Minor intrusions of Caledonian age include various felsic types and lamprophyres. The felsic dykes are most common in the vicinity of the Ross of Mull Pluton, and near the Strontian Pluton east of the Morvern lava pile (Johnstone and Mykura, 1989). The Ross of Mull granites have been extensively quarried (p. 173).

Old Red Sandstone[edit]

The Old Red Sandstone is mainly Devonian in age but parts may be late Silurian or Early Carboniferous.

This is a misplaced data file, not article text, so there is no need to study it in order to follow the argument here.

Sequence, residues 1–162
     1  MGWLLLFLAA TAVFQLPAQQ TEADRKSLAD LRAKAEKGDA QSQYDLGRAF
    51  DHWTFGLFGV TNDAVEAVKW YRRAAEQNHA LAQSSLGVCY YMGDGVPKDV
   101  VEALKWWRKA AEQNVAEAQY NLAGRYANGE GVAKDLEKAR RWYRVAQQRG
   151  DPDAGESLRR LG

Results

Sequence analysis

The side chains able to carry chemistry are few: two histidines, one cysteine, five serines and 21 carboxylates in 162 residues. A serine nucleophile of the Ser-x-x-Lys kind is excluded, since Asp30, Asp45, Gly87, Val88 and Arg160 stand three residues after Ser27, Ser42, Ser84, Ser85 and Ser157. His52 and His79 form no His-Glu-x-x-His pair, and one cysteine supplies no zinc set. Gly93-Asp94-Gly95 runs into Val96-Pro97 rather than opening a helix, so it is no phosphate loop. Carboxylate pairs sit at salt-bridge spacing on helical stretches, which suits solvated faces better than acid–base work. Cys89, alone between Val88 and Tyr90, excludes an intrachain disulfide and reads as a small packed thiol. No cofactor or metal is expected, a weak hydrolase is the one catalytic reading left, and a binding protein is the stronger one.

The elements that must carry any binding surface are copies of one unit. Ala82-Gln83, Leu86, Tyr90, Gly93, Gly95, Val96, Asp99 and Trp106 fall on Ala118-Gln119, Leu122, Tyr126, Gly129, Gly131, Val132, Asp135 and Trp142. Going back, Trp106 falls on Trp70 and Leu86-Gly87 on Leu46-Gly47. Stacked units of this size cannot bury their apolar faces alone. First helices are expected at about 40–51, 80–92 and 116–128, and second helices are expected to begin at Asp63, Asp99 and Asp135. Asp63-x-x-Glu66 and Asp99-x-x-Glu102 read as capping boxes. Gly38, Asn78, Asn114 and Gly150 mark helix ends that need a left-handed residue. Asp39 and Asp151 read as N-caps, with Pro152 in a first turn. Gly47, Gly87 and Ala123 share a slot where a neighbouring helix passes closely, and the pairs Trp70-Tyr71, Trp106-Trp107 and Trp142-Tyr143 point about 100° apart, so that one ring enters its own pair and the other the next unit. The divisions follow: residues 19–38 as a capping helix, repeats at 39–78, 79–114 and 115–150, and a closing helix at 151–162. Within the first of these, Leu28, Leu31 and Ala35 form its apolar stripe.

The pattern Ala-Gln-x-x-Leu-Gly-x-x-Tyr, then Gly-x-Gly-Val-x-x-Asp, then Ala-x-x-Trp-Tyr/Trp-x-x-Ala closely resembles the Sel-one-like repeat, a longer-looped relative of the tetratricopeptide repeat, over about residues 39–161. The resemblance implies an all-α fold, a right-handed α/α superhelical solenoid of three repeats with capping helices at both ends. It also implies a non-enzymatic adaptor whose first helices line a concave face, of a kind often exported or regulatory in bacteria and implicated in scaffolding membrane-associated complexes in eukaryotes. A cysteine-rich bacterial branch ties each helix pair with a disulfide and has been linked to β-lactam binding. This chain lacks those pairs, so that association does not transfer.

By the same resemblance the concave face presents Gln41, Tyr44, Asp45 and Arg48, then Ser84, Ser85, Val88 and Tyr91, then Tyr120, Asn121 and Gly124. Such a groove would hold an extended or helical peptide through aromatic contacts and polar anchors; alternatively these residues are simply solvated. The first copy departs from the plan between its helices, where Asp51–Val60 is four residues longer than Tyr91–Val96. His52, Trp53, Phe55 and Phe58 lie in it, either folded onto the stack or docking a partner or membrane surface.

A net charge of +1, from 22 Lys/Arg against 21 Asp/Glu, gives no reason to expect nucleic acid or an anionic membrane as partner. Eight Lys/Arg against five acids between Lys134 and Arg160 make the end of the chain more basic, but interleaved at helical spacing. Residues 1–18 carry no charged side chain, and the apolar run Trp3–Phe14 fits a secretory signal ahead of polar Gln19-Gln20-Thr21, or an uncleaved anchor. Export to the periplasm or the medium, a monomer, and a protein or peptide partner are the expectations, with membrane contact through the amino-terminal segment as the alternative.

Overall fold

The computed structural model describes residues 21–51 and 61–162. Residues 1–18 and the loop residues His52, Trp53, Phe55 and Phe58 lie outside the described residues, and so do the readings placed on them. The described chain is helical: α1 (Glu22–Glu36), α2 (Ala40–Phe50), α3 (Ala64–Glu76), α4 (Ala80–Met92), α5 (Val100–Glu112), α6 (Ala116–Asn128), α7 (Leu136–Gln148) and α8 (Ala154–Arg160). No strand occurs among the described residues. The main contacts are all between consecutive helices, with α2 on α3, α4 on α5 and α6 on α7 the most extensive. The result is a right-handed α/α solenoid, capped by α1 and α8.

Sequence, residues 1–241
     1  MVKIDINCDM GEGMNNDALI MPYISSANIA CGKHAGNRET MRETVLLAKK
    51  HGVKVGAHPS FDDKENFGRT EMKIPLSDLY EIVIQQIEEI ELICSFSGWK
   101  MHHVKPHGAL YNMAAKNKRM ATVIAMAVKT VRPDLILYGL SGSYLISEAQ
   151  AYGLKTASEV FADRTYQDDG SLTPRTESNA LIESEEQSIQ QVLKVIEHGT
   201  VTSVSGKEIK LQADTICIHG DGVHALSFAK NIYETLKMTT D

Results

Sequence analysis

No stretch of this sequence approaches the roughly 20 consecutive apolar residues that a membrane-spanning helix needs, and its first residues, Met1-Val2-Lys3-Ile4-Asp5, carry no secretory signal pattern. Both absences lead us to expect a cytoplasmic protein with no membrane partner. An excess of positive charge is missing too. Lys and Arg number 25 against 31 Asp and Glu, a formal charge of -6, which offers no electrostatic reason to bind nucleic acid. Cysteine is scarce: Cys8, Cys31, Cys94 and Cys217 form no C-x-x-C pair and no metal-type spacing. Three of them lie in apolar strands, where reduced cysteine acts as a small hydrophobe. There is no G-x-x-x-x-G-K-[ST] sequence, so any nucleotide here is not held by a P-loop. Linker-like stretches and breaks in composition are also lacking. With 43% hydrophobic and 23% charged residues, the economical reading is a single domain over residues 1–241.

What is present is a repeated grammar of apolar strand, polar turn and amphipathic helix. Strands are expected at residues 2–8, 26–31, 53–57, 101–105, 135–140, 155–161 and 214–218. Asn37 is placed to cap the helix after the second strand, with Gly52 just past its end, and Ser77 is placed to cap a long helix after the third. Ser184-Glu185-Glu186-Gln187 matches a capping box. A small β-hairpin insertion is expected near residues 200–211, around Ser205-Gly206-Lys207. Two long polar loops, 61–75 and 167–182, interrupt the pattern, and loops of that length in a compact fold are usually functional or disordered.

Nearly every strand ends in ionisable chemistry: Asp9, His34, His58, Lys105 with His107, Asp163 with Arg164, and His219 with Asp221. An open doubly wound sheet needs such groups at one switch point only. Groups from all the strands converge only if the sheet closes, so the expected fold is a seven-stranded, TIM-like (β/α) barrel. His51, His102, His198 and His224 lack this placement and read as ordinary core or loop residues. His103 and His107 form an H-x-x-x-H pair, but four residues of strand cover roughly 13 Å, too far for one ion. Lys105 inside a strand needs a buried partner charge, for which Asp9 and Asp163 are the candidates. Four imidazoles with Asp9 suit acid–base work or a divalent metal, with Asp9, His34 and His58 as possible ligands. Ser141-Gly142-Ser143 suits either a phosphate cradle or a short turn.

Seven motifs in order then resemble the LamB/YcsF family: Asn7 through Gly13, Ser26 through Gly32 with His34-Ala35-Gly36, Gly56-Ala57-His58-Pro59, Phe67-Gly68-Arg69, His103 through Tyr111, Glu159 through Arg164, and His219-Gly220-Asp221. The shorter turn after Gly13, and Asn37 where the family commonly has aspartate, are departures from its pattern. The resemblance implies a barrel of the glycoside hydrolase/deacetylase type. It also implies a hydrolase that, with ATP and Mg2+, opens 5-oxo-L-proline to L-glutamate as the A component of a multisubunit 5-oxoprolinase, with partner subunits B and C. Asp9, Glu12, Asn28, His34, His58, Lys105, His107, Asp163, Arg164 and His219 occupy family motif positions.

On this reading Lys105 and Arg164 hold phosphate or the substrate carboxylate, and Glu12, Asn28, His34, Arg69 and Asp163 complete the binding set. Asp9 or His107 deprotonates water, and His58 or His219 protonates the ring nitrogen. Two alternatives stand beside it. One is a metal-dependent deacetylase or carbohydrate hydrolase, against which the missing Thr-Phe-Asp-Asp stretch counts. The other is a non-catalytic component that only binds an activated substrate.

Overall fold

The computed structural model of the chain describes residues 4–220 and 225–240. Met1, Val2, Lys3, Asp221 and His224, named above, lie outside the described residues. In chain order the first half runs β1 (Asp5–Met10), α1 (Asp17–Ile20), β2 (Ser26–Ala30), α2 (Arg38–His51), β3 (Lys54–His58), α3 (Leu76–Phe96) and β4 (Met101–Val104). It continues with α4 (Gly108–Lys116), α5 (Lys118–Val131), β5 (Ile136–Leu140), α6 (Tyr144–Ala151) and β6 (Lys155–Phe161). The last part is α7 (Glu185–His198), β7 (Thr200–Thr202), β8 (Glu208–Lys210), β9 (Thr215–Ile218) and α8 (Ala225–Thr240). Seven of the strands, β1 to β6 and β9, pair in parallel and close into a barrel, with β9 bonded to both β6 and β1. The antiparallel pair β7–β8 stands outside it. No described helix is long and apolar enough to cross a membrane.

Sandstones and conglomerates of the Lower Old Red Sandstone form a thick arcuate outcrop east and south of the North Arran Granite Pluton, and part of the succession is repeated on the south­east side of the Central Arran Ring-complex. These strata, which total about 1235 m in thickness, are faulted against Dalradian metasedimentary rocks, younger sedimentary rocks and the North Arran Granite Pluton in eastern Arran, but on the west side of Glen Rosa they lie unconformably on the Dalradian (Friend et al., 1963; McKerrow and Atkins, 1985). Clasts of schistose gritty metasandstone occur in conglomerates low in the succession, and were clearly derived from local Dalradian sources. However, the very abundant pinkish quartzite boulders and cobbles seen, for example, in conglomerates near the Glen Sannox baryte mine have no local source and match most closely Argyll Group (Dalradian) quartzites on Islay and Jura. Sparse plant remains (Psilophyton princeps, var. ornatus) have been found high in the succession in Glen Shurig (Tyrrell, 1928).